These are, of course, ridiculously primitive insights. Pronovost is routinely described by colleagues as “brilliant,” “inspiring,” a “genius.” He has an M.D. and a Ph.D. in public health from Johns Hopkins, and is trained in emergency medicine, anesthesiology, and critical-care medicine. But, really, does it take all that to figure out what house movers, wedding planners, and tax accountants figured out ages ago?
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After the checklist results, the idea Pronovost truly believed in was that checklists could save enormous numbers of lives. He took his findings on the road, showing his checklists to doctors, nurses, insurers, employers—anyone who would listen. He spoke in an average of seven cities a month while continuing to work full time in Johns Hopkins’s I.C.U.s. But this time he found few takers.
There were various reasons. Some physicians were offended by the suggestion that they needed checklists. Others had legitimate doubts about Pronovost’s evidence. So far, he’d shown only that checklists worked in one hospital, Johns Hopkins, where the I.C.U.s have money, plenty of staff, and Peter Pronovost walking the hallways to make sure that the checklists are being used properly. How about in the real world—where I.C.U. nurses and doctors are in short supply, pressed for time, overwhelmed with patients, and hardly receptive to the idea of filling out yet another piece of paper?
In 2003, however, the Michigan Health and Hospital Association asked Pronovost to try out three of his checklists in Michigan’s I.C.U.s. It would be a huge undertaking. Not only would he have to get the state’s hospitals to use the checklists; he would also have to measure whether doing so made a genuine difference. But at last Pronovost had a chance to establish whether his checklist idea really worked.
This past summer, I visited Sinai-Grace Hospital, in inner-city Detroit, and saw what Pronovost was up against. Occupying a campus of red brick buildings amid abandoned houses, check-cashing stores, and wig shops on the city’s West Side, just south of 8 Mile Road, Sinai-Grace is a classic urban hospital. It has eight hundred physicians, seven hundred nurses, and two thousand other medical personnel to care for a population with the lowest median income of any city in the country. More than a quarter of a million residents are uninsured; three hundred thousand are on state assistance. That has meant chronic financial problems. Sinai-Grace is not the most cash-strapped hospital in the city—that would be Detroit Receiving Hospital, where a fifth of the patients have no means of payment. But between 2000 and 2003 Sinai-Grace and eight other Detroit hospitals were forced to cut a third of their staff, and the state had to come forward with a fifty-million-dollar bailout to avert their bankruptcy.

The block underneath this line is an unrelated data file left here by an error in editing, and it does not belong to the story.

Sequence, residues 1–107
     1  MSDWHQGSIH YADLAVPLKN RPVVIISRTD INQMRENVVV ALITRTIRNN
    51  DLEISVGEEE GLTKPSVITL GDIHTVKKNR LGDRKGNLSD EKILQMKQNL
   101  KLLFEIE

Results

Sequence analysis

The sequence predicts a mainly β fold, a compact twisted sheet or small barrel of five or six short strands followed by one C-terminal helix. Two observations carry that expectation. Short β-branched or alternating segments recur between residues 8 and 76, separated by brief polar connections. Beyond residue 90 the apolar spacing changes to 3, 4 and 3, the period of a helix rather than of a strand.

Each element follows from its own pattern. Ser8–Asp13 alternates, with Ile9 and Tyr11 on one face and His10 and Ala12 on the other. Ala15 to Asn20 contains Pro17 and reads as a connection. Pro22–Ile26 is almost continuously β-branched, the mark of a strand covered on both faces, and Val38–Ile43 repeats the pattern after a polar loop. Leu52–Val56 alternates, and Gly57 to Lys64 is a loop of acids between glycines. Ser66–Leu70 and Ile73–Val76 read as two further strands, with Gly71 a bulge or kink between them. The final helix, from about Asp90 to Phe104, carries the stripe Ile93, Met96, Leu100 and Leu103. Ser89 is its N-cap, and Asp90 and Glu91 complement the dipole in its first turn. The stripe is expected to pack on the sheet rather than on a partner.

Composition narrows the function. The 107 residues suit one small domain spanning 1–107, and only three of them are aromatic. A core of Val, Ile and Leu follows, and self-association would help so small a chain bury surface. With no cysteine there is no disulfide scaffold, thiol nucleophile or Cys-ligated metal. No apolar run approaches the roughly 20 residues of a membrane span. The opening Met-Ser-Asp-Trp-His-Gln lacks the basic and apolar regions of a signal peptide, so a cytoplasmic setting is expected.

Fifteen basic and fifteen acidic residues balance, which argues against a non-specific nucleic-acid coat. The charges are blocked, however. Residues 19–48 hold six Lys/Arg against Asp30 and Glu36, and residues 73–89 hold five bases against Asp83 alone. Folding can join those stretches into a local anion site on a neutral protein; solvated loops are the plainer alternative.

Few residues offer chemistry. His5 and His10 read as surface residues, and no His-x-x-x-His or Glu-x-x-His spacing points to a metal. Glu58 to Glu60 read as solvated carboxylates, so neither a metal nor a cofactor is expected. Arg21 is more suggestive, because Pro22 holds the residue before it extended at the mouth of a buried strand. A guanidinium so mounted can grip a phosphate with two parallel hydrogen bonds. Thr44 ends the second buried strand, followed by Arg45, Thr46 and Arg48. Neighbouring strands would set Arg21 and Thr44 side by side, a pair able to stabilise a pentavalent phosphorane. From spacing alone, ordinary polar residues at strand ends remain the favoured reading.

Sinai-Grace has five I.C.U.s for adult patients and one for infants. Hassan Makki, the director of intensive care, told me what it was like there in 2004, when Pronovost and the hospital association started a series of mailings and conference calls with hospitals to introduce checklists for central lines and ventilator patients. “Morale was low,” he said. “We had lost lots of staff, and the nurses who remained weren’t sure if they were staying.” Many doctors were thinking about leaving, too. Meanwhile, the teams faced an even heavier workload because of new rules limiting how long the residents could work at a stretch. Now Pronovost was telling them to find the time to fill out some daily checklists?